The Nagasawa Chain Of Command

Ron Nagasawa
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Wednesday - January 17, 2007
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I think that every family, like the military, has a chain of command. In our household, I seem to be at the wrong end of the chain, for if mud runs downhill, guess whose boots are full of it? Our chain actual seems to start from outside the family.

The other Saturday my wife and 9-year-old daughter were at the kitchen table. For some reason, our daughter’s fourth-grade teacher had assigned what we thought was an excessive amount of homework. My wife felt it was necessary to work through the weekend to get it done.

After some grueling hours over the schoolbooks, our daughter finally broke down and was getting rather testy with her mother. This caused my wife to get upset, because besides the guff our daughter was giving her, this was also cutting into time we normally set aside for family recreation.

Our 17-year-old son was walking through the kitchen, and my wife questioned whether he had any homework for the weekend. No way was the suffering going to be limited to mother and daughter, so my wife told him that he gets it done right away or forget about going out that night.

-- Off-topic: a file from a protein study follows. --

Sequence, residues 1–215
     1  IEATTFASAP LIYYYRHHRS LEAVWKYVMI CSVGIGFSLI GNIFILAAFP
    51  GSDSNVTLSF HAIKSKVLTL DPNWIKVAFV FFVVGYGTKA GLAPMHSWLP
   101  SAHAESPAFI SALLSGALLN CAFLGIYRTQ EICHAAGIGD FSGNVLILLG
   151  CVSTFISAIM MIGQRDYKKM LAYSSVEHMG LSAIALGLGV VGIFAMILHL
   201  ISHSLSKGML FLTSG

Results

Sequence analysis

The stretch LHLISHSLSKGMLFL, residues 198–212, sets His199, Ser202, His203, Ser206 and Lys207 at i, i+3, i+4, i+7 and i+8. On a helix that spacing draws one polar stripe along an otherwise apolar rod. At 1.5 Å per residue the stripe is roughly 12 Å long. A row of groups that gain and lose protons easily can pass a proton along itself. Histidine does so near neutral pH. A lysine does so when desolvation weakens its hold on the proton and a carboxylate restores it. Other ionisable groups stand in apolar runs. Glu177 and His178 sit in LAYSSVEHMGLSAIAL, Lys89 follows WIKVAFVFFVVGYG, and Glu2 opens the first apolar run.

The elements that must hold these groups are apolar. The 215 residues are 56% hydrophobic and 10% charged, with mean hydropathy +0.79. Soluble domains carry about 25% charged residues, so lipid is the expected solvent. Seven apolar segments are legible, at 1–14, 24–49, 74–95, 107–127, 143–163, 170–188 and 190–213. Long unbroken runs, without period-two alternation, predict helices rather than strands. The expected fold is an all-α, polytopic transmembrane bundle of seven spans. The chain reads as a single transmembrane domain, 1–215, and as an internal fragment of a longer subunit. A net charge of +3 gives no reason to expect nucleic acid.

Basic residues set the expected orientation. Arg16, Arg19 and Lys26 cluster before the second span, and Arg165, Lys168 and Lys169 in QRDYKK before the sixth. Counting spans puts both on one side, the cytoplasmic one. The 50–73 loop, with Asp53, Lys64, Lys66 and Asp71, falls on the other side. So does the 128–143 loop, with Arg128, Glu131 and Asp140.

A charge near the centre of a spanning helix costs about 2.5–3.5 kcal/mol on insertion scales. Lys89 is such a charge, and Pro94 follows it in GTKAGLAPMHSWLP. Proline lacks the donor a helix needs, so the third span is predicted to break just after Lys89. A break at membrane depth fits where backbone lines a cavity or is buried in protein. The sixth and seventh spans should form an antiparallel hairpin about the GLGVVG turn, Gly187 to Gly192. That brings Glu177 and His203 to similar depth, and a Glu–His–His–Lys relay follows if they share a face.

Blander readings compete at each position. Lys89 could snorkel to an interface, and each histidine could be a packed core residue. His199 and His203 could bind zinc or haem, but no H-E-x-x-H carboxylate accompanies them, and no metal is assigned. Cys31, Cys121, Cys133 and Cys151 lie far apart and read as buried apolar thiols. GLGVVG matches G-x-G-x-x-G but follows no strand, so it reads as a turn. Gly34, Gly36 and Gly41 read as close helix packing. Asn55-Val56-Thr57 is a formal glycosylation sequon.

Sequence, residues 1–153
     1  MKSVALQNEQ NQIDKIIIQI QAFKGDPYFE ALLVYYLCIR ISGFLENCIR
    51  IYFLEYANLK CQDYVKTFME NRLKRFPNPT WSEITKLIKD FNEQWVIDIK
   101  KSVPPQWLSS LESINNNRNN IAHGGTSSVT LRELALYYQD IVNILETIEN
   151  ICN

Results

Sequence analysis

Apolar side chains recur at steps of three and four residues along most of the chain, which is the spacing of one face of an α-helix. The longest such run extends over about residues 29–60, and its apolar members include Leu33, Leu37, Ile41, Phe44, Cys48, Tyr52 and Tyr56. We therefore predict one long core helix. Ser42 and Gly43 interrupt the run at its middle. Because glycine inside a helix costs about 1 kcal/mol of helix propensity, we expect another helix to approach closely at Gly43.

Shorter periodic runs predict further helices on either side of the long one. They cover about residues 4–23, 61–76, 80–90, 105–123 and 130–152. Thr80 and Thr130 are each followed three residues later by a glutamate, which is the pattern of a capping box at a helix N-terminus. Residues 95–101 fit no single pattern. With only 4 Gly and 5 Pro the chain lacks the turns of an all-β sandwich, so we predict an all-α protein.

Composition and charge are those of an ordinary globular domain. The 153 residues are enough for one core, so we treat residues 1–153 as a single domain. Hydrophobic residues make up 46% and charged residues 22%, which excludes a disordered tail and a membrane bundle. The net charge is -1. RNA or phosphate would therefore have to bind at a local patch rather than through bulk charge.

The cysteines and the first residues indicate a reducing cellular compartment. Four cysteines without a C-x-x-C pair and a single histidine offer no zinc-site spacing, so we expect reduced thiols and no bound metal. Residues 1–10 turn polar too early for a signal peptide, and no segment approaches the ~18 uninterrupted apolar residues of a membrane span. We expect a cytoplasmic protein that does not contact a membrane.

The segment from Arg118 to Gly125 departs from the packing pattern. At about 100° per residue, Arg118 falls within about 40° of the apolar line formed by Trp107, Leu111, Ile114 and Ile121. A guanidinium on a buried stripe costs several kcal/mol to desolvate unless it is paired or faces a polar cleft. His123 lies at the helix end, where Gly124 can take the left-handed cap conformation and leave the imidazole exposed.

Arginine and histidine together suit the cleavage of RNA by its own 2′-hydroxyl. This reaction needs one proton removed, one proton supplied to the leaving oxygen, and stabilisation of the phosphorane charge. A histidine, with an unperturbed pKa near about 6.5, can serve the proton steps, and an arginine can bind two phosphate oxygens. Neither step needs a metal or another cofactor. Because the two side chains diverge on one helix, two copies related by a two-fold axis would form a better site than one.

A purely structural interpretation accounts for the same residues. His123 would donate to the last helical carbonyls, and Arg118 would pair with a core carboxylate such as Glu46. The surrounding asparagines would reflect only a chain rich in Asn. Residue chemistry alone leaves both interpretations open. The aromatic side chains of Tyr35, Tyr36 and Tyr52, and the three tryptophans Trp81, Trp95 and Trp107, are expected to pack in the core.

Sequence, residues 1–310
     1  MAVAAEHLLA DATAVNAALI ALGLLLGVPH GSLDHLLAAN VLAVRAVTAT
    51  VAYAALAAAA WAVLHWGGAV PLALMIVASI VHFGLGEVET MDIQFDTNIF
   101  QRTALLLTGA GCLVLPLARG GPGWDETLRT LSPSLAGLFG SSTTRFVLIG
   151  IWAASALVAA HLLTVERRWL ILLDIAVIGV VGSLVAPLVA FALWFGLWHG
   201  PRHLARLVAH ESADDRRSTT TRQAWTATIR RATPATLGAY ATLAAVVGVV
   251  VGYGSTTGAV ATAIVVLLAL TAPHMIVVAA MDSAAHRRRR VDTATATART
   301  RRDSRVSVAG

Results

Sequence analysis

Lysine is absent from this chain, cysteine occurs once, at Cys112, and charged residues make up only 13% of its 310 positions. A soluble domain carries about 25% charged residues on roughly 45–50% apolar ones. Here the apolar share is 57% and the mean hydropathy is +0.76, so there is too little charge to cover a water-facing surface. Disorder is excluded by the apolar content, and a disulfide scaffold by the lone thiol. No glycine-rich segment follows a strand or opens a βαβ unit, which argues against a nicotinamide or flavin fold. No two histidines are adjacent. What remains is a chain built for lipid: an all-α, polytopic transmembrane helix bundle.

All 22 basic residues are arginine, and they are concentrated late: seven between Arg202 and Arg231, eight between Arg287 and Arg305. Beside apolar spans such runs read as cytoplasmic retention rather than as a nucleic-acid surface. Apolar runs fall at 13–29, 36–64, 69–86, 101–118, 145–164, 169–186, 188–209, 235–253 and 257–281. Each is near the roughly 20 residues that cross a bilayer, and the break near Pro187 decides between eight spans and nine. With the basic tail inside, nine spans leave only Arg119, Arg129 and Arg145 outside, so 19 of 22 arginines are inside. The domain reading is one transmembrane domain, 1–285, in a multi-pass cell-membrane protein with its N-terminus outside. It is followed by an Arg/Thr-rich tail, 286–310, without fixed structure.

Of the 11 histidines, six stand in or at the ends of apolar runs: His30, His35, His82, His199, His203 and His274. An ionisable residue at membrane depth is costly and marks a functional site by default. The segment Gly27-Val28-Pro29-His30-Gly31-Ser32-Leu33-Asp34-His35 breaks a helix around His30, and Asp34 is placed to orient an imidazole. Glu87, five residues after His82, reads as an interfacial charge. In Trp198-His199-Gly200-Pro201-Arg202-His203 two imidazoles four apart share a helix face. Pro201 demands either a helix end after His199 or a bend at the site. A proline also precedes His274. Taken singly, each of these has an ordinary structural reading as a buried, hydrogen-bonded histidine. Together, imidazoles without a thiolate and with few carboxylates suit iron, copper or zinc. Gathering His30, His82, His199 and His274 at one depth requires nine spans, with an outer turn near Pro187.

He said something like, “Jeez!” and stormed off into his room. Just then my mom walked into the kitchen and noticed that the kitchen garbage can was full. Normally it’s my son’s job to empty it, but since he was hibernating in his room, my mom turned to me.

She snapped at me, “Ron, the garbage is full. Take it outside!”

I whipped around so that I could yell at someone, but realized I was at the end of the frustration chain. Out of the corner of my eye, I saw our daughter’s 7-month-old pet tortoise, Sammy. I looked at him and yelled, “What are you looking at?”

Sgt. Gerald Orosco
Sgt. Gerald Orosco


Instead of a website this week, I wanted to take this opportunity to welcome home Sgt. Gerald Orosco of Mililani. He recently returned from duty in Iraq with the U.S. Army Reserve. You might recall that Gerald’s father had written to me saying that Gerald and other Hawaii troops then stationed in Kirkuk, Iraq, wanted to receive copies of MidWeek. They said that reading MidWeek was like having a piece of home. As our most distant MidWeek subscribers, we managed to send copies every week to them in Iraq.

We’re glad that he made it home safely, and are honored that MidWeek played some small part in giving them comfort while serving our country.

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